Biopsy and Personalized Medicine in Non-Small-Cell Lung Cancer (NSCLC)

By Raymond Thornton, MD  |  Thursday, November 14, 2013

Until recently, all cases of non-small-cell lung cancer (NSCLC) were treated in a similar manner. However, recent studies have demonstrated that the histologic subtype and certain specific molecular alterations influence the response to various chemotherapies and targeted agents.(1),(2)

For example, bevacizumab, a humanized monoclonal antibody that targets endothelial growth factor, is contraindicated in patients with squamous cell carcinoma of the lung due to increased risk of pulmonary hemorrhage.(3)

Patients with adenocarcinoma also respond better to the anti-folate agent pemetrexed than do those with squamous carcinoma.(4)

In a study from East Asia, the EGFR mutation in adenocarcinoma was associated with better response to a tyrosine kinase inhibitor compared with chemotherapy in nonsmokers or former light smokers.(5)

Patients with adenocarcinoma and EGFR mutations were also shown to do better when a tyrosine kinase inhibitor is used as maintenance after first-line treatment rather than as second-line therapy.(6)

The KRAS and ALK mutations have also been shown to influence response to treatment.(7),(8)

Researchers will no doubt continue to look for, and find, ways in which the genetic makeup of a tumor affects response to various therapies and influences optimal management.

A large percentage of patients with NSCLC will be unresectable at the time of diagnosis. This means that core biopsy or fine needle aspirate specimens will provide the primary tissue for diagnosis. The tissue needs to be of sufficient quality and quantity for both diagnosis and molecular analysis.

With my colleague Stephen Solomon and members of the pathology, thoracic surgery, and thoracic oncology divisions, we performed a prospective study that showed that core biopsy using small (18-20 gauge) needles provides material adequate for EGFR and KRAS analysis in a high percentage of patients.(9)

My colleagues and I published another study showing that core biopsy with small needles and cytology (fine needle aspirate) achieve similar rates of diagnostic subtyping for NSCLC and that optimal results are achieved when both modalities are considered together.(10)

Dr. Solomon also collaborated with our pathology and thoracic oncology colleagues to show that re-biopsy of lung cancer patients with acquired resistance to EGFR inhibitors is feasible and provides enough material for mutation analysis in the majority of patients.(11)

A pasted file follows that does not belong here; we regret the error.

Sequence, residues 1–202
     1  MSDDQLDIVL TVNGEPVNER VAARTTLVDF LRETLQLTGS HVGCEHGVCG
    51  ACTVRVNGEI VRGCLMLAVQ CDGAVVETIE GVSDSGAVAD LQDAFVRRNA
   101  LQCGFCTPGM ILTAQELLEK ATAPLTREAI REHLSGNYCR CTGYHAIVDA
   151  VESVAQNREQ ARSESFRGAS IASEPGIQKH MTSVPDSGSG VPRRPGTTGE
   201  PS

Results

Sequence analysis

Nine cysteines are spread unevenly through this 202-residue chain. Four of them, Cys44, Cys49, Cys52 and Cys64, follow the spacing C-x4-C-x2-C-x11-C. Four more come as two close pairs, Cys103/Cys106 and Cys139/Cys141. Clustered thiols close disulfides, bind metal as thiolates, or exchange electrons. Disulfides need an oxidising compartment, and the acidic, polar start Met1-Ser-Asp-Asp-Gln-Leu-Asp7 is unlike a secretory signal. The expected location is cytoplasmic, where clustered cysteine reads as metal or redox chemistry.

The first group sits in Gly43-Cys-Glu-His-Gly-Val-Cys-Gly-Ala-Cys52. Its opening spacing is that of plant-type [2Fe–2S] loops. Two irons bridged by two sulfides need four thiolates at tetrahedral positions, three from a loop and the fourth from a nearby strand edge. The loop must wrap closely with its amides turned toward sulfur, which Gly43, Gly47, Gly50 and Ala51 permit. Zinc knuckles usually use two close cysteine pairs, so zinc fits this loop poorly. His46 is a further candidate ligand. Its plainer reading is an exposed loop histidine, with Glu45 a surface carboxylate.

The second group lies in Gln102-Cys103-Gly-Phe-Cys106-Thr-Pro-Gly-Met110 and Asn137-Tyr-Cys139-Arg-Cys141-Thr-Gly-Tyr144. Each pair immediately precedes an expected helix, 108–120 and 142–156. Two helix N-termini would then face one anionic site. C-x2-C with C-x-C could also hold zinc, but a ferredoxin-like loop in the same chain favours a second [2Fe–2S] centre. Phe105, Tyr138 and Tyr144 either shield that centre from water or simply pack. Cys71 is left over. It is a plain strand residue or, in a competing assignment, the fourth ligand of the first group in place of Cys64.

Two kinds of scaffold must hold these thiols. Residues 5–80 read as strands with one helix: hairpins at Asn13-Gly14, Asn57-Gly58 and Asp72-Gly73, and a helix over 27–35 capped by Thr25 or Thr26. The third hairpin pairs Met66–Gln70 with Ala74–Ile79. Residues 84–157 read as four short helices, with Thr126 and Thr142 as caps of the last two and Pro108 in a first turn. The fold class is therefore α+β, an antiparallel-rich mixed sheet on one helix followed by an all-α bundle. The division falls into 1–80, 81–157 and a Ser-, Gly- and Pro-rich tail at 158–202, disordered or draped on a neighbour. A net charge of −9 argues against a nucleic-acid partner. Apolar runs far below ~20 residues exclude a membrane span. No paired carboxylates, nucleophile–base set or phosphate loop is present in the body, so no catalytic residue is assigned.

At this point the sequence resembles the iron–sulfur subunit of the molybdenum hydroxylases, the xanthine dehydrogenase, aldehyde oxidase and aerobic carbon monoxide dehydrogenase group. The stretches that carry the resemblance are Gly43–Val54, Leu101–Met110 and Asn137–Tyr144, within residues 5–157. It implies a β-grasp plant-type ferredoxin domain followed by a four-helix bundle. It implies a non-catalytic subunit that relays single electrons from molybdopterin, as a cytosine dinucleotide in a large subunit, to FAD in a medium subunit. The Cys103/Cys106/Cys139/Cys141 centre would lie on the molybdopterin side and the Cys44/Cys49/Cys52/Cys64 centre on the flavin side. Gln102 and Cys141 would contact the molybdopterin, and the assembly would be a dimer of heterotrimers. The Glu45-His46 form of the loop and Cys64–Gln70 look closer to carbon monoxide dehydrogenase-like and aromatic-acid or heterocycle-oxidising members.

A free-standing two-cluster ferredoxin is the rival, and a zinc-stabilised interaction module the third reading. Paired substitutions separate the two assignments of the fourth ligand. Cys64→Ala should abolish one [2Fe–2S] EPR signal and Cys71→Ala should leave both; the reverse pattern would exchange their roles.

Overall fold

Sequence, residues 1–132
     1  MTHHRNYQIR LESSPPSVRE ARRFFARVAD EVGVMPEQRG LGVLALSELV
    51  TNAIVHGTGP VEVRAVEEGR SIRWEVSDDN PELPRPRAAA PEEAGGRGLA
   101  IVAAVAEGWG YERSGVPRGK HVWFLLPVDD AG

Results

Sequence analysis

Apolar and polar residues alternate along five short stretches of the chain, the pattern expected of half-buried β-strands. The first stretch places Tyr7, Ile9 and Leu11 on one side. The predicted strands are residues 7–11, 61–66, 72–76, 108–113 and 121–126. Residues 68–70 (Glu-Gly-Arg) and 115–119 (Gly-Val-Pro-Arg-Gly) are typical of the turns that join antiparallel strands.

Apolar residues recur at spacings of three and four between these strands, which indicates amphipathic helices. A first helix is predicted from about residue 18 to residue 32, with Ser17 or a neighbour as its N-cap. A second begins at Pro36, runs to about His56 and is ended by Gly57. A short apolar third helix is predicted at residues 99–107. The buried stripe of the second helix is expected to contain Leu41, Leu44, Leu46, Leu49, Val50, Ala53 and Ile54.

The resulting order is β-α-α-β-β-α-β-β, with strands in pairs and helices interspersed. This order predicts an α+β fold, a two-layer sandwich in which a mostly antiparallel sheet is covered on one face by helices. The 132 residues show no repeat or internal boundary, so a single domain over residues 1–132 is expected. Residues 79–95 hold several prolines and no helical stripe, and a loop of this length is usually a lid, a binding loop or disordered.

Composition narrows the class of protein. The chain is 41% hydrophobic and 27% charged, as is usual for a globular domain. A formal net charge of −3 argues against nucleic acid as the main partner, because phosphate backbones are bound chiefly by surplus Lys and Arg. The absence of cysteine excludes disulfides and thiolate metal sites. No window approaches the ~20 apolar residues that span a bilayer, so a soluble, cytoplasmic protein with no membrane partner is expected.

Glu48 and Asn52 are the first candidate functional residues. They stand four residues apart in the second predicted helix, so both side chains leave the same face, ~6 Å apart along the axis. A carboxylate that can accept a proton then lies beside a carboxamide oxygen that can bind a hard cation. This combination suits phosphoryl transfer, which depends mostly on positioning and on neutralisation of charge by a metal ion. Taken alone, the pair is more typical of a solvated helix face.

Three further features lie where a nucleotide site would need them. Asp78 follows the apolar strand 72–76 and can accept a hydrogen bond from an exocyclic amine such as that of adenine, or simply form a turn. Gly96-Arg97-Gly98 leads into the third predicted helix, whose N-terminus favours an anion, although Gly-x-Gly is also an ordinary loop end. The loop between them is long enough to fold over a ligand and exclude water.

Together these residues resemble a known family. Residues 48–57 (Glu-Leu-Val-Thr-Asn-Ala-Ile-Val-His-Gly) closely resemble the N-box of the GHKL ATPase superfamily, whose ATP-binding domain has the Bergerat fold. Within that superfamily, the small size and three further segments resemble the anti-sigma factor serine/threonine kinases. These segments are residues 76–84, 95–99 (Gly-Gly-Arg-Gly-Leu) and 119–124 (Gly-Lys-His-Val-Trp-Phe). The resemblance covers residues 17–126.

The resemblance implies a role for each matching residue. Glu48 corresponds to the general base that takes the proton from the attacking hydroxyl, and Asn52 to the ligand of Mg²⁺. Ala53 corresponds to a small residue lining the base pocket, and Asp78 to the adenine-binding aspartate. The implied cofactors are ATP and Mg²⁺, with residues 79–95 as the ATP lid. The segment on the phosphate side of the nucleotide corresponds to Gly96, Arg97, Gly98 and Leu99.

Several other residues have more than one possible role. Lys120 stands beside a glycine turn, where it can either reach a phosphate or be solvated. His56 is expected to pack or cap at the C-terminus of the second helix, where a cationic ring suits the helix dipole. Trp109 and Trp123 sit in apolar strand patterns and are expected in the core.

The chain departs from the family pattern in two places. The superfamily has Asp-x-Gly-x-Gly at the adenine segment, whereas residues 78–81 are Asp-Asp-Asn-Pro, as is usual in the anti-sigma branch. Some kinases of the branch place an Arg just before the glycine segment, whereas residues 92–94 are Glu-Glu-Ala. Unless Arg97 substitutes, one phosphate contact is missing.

As the era of personalized medicine becomes a reality, we are committed to providing the best specimens for pathologic and molecular analysis and are very well equipped to do so. Core biopsy Core biopsy of a sub-centimeter right lower lobe lung nodule.

Core biopsy two Core biopsy of a left upper lobe lung nodule.

  1. Moreira AL, Thornton RH. Personalized medicine for non-small-cell lung cancer: implications of recent advances in tissue acquisition for molecular and histologic testing. Clin Lung Cancer. 2012 Sep;13(5):334-9.
  2. Travis WD, Rekhtman N, Riley GJ, et al. Pathologic diagnosis of advanced lung cancer based on small biopsies and cytology: a paradigm shift.J Thorac Oncol. 2010 Apr;5(4):411-4
  3. Johnson DH, Fehrenbacher L, Novotny WF, et al. Randomized phase II trial comparing bevacizumab plus carboplatin and paclitaxel with carboplatin and paclitaxel alone in previously untreated locally advanced or metastatic non-small-cell lung cancer. J Clin Oncol. 2004 Jun 1;22(11):2184-91.
  4. Scagliotti GV, Parikh P, von Pawel J, et al. Phase III study comparing cisplatin plus gemcitabine with cisplatin plus pemetrexed in chemotherapy-naive patients with advanced-stage non-small-cell lung cancer. J Clin Oncol. 2008 Jul 20;26(21):3543-51.
  5. Mok TS, Wu YL, Thongprasert S, et al. Gefitinib or carboplatin-paclitaxel in pulmonary adenocarcinoma. N Engl J Med. 2009 Sep 3;361(10):947-57.
  6. Wang ZJ, An TT, Mok T, et al. Immediate Versus Delayed Treatment with EGFR Tyrosine Kinase Inhibitors after First-line Therapy in Advanced Non-small-cell Lung Cancer. J Cancer Res. 2011 Jun;23(2):112-7.
  7. Eberhard DA, Johnson BE, Amler LC, et al. Mutations in the epidermal growth factor receptor and in KRAS are predictive and prognostic indicators in patients with non-small-cell lung cancer treated with chemotherapy alone and in combination with erlotinib. J Clin Oncol. 2005 Sep 1;23(25):5900-9.
  8. Kwak EL, Bang YJ, Camidge DR, et al. Anaplastic lymphoma kinase inhibition in non-small-cell lung cancer. N Engl J Med. 2010 Oct 28;363(18):1693-70
  9. Solomon SB, Zakowski MF, Pao W, et al. Core needle lung biopsy specimens: adequacy for EGFR and KRAS mutational analysis. AJR Am J Roentgenol. 2010 Jan;194(1):266-9.
  10. Sigel CS, Moreira AL, Travis WD, et al. Subtyping of non-small cell lung carcinoma: a comparison of small biopsy and cytology specimens. J Thorac Oncol. 2011 Nov;6(11):1849-56.
  11. Arcila ME, Oxnard GR, Nafa K, et al. Rebiopsy of lung cancer patients with acquired resistance to EGFR inhibitors and enhanced detection of the T790M mutation using a locked nucleic acid-based assay. Clin Cancer Res. 2011 Mar 1;17(5):1169-80.